The number of high school graduates increased nationally by 27 percent between 1994–95 and 2006–07, the last year of actual data. A further increase of 1 percent is expected between 2006–07 and 2019–20. Public schools are expected to have an increase in high school graduates, and private schools are expected to have a decrease. Increases are expected in the West and South, and decreases are expected in the Northeast and Midwest.
The projections of high school graduates are related to projections of 12th-graders and the historical relationship between the number of 12th-graders and the number of high school graduates. For more details, see appendixes A.0 and A.2.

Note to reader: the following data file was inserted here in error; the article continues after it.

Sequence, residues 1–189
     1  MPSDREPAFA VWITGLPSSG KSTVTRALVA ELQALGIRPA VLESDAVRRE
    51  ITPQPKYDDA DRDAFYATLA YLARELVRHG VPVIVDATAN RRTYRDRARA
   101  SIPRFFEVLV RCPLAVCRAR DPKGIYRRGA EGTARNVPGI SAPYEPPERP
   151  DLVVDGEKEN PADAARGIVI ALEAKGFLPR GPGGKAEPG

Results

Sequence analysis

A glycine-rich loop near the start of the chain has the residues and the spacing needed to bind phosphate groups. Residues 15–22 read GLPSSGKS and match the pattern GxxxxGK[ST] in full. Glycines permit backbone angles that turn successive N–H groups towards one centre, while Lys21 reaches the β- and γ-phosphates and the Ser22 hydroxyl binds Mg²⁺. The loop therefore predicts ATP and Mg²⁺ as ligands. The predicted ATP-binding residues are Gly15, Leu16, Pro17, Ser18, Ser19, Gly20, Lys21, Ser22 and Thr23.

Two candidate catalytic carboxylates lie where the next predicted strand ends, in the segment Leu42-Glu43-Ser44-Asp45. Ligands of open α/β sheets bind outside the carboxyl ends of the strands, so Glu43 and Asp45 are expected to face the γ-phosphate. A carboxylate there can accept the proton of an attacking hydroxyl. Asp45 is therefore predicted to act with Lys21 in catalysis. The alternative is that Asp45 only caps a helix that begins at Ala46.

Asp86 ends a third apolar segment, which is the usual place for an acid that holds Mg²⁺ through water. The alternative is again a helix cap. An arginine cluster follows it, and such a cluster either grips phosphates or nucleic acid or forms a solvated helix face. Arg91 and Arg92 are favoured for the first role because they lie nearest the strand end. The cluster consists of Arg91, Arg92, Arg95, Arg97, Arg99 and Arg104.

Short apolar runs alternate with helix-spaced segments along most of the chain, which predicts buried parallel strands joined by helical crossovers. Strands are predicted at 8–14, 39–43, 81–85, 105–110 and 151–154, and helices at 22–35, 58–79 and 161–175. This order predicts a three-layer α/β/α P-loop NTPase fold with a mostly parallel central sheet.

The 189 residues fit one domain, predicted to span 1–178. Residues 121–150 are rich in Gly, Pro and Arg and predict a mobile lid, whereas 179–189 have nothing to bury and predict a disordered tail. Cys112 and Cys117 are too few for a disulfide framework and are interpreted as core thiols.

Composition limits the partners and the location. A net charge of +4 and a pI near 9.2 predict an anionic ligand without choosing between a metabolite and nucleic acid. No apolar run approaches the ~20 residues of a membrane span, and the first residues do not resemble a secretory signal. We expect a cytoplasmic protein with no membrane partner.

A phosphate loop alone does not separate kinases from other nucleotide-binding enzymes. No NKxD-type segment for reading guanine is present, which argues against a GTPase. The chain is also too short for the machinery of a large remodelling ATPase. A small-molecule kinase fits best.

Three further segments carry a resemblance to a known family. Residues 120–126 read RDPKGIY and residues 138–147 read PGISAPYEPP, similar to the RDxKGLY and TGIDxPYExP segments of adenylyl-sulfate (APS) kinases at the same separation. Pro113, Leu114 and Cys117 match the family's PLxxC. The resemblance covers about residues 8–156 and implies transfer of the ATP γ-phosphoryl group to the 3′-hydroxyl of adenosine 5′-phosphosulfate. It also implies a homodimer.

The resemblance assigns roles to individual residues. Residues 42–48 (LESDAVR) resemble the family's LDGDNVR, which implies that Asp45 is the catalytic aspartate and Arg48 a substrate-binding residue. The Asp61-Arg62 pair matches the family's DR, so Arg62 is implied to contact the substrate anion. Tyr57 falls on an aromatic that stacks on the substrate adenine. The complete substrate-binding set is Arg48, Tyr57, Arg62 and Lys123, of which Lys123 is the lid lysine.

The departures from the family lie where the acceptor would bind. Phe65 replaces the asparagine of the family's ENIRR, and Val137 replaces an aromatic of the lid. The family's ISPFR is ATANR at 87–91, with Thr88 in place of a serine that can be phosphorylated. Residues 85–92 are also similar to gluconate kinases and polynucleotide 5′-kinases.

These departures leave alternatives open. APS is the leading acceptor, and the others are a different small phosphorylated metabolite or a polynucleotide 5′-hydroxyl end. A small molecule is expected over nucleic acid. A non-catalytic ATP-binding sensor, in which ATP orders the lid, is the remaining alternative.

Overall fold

A high school graduate is defined as an individual who has received formal recognition from school authorities, by the granting of a diploma, for completing a prescribed course of study. This definition does not include other high school completers or high school equivalency recipients. Projected increases in the number of graduates reflect changes in the 18-year-old population over the projection period, rather than projected changes in the graduation rates of 12th-graders. Projections of graduates could be affected by changes in policies influencing graduation requirements.
For NCES projections of public high school graduates produced over the last 18 years, the mean absolute percentage errors (MAPEs) for lead times of 1, 2, 5, and 10 years out were 1.0, 1.0, 1.7, and 3.8, respectively. For NCES projections of private high school graduates produced over the last 8 years, the MAPEs for lead times of 1, 2, and 5 years out were 0.9, 0.9, and 5.9, respectively. For more information, see table A-2 in appendix A.